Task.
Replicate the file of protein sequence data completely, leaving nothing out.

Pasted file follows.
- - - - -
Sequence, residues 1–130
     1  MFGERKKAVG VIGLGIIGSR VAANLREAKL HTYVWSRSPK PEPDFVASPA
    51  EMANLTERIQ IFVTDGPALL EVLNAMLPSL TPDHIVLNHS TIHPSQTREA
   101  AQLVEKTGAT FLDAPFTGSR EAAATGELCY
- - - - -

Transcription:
Sequence, residues 1–130
     1  MFGERKKAVG VIGLGIIGSR VAANLREAKL HTYVWSRSPK PEPDFVASPA
    51  EMANLTERIQ IFVTDGPALL EVLNAMLPSL TPDHIVLNHS TIHPSQTREA
   101  AQLVEKTGAT FLDAPFTGSR EAAATGELCY